90.8% (5 years)

79.8% (2 years)

Wines et al8

Survey of 275 urologists attending the Annual Scientific Meeting of the Urological Society of Australasia (70% response rate)

86%

O’Connor and Kelleher18

Survey of 300 members of the Irish Medical Organisation (64.7% response rate)

86.5% (5 years)

53.4% (5 years)

44.8% (5 years)

McCall et al19

Survey of 544 general practitioners in Victoria (58.5% response rate)

87%

93% (3 years)

64% (3 years)

47% (2 years)

74% (2 years)

Richards et al20

Survey of 500 doctors (102 women) registered with the New Zealand Medical Council (62.2% response rate)

65.6% (5 years)

72.5% (3 years)

Cornuz et al21

Survey of 686 general physicians in three cantons of Switzerland (72.3% response rate)

97% (5 years)

86% (5 years)

  • Margaret P Kay1
  • Geoffrey K Mitchell2
  • Christopher B Del Mar3

  • 1 Centre for General Practice, University of Queensland, Herston, QLD.
  • 2 Faculty of Health Science and Medicine, Bond University, Gold Coast, QLD.

Correspondence: 

  • 1. Samkoff JS, Hockenberry S, Simon LJ, Jones RL. Mortality of young physicians in the United States, 1980-1988. Acad Med 1995; 70: 242-244.
  • 2. Hartwig B, Nichols A. GP health & well-being: the issues explored. Brisbane: Brisbane North Division of General Practice, 2000.
  • 3. Departments of General Practice, University of Melbourne and Monash University. GP Wellbeing Project — final report. September, 2001. Melbourne: Commonwealth Department of Health and Aged Care, 2001.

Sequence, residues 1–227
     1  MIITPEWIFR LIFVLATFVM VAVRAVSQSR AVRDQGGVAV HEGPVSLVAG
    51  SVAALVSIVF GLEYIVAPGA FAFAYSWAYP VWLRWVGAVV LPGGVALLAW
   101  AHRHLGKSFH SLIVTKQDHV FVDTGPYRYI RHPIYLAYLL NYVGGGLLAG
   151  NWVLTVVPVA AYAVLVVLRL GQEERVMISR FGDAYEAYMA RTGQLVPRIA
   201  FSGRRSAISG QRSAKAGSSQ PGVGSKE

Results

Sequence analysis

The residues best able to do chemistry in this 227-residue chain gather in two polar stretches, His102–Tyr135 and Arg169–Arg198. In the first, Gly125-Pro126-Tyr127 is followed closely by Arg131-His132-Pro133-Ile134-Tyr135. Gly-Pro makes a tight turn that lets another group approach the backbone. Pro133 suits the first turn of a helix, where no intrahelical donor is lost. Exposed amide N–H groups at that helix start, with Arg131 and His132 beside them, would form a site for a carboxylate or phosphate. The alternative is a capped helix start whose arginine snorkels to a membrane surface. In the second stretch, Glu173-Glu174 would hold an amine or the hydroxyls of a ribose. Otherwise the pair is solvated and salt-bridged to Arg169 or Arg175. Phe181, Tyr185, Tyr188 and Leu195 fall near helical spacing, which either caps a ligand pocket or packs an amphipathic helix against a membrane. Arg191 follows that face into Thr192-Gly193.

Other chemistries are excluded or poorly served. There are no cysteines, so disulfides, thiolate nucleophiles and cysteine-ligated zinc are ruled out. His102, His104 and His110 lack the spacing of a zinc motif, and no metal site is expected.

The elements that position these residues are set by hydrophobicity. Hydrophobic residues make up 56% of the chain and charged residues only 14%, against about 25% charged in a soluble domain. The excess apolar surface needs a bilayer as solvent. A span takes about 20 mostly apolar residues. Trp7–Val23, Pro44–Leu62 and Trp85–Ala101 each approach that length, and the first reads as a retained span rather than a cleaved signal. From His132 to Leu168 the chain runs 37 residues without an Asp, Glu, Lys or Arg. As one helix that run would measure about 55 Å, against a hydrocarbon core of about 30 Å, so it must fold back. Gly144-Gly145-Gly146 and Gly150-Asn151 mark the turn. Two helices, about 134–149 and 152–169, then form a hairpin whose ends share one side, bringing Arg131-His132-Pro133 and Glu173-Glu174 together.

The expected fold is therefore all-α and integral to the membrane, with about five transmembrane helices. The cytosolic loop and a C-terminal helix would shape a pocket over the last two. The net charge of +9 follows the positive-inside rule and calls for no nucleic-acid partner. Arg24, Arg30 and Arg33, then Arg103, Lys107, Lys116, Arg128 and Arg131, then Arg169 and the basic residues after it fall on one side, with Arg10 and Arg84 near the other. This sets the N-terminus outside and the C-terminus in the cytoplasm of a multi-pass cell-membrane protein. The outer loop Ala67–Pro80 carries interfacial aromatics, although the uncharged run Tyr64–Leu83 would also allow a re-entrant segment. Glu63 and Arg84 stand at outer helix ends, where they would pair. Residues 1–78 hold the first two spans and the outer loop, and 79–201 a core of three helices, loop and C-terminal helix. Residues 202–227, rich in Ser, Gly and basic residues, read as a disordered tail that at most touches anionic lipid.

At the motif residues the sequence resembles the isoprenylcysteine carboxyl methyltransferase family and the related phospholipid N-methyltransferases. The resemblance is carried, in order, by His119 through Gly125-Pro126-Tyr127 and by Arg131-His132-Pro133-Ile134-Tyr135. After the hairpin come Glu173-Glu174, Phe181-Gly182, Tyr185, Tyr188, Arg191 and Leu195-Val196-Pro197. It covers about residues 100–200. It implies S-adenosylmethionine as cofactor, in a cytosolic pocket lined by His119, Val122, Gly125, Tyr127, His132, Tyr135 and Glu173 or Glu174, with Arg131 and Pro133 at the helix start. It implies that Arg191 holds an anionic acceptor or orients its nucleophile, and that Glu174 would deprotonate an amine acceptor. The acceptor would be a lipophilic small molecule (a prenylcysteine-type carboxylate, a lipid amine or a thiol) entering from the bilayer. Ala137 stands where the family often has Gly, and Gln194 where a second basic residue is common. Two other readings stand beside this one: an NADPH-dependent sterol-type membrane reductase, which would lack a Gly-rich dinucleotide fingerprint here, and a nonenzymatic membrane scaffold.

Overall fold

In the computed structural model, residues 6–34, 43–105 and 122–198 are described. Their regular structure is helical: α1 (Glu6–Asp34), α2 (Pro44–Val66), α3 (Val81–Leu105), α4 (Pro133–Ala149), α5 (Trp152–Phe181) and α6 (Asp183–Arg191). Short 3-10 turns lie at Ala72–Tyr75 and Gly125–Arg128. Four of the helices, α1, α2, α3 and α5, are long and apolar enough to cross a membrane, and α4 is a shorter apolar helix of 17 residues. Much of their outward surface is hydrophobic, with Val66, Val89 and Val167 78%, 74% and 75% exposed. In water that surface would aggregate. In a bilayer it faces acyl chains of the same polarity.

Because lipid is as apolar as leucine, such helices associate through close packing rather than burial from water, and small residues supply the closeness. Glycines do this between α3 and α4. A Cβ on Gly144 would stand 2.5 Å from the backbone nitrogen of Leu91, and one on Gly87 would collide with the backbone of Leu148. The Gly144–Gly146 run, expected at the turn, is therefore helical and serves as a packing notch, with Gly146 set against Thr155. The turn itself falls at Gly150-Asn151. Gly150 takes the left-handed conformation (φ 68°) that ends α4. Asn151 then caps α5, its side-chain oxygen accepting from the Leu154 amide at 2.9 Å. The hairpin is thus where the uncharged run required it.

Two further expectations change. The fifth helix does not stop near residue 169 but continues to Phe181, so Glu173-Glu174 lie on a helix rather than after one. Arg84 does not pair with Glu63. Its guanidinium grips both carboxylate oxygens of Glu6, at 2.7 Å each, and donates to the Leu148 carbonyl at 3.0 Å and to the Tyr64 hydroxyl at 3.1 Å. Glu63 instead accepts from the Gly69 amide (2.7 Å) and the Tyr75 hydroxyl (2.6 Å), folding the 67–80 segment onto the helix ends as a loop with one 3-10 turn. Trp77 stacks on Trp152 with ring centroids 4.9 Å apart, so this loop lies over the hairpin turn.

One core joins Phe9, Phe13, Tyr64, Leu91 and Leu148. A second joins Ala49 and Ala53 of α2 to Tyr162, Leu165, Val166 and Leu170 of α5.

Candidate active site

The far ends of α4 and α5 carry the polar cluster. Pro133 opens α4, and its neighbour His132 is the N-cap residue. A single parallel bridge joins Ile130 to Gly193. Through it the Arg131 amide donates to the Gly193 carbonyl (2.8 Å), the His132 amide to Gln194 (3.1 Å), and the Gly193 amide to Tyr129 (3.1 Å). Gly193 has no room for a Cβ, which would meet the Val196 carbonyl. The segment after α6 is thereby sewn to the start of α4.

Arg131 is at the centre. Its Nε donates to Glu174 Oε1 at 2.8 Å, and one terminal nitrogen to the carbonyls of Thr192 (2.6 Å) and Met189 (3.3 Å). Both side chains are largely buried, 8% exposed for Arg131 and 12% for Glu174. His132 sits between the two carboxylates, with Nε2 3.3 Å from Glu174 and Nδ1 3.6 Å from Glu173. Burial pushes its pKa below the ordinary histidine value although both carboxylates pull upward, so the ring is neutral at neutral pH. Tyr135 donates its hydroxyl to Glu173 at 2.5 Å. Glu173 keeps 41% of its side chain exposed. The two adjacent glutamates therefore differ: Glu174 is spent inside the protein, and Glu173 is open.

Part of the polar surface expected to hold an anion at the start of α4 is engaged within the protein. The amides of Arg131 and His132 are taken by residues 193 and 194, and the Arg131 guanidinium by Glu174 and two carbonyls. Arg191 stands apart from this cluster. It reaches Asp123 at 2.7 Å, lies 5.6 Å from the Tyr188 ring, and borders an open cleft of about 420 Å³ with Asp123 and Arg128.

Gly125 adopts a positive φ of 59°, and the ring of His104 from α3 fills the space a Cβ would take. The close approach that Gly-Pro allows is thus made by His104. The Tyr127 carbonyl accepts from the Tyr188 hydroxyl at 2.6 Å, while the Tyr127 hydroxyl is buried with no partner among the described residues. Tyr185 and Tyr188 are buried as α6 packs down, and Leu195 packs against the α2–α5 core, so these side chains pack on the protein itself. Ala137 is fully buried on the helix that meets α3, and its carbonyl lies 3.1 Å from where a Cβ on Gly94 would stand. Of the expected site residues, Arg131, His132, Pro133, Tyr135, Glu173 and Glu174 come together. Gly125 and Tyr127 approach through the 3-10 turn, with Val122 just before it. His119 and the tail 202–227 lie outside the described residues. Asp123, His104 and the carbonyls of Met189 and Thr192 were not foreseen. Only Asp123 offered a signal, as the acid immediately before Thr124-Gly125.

• 4. Schlicht SM, Gordon IR, Ball JR, Christie DG. Suicide and related deaths in Victorian doctors. Med J Aust 1990; 153: 518-521.
  • 5. Davidson S, Schattner P. Doctors’ health-seeking behaviour: a questionnaire survey. Med J Aust 2003; 179: 302-305.
  • 6. Chambers R. Health and lifestyle of general practitioners and teachers. Occup Med (Lond) 1992; 42: 69-78.
  • 7. Nyman K. The health of general practitioners. A pilot survey. Aust Fam Physician 1991; 20: 637-641, 644-645.
  • 8. Wines AP, Khadra MH, Wines RD. Surgeon, don’t heal thyself: a study of the health of Australasian urologists. ANZ J Surg 1998; 68: 778-781.
  • 9. Wachtel TJ, Wilcox VL, Moulton AW, et al. Physicians’ utilization of health care. J Gen Intern Med 1995; 10: 261-265.
  • 10. Australian Bureau of Statistics. National Health Survey: summary of results Australia. Canberra: ABS, 2001. (Catalogue No. 4364.0.) Available at: www.abs.gov.au/Ausstats/abs%40.nsf/b06660592430724fca 2568b5007b8619/cac1a34167e36be3ca2568a900139364 (accessed Aug 2004).
  • 11. Gautam M, MacDonald R. Helping physicians cope with their own chronic illnesses. West J Med 2001; 175: 336-338.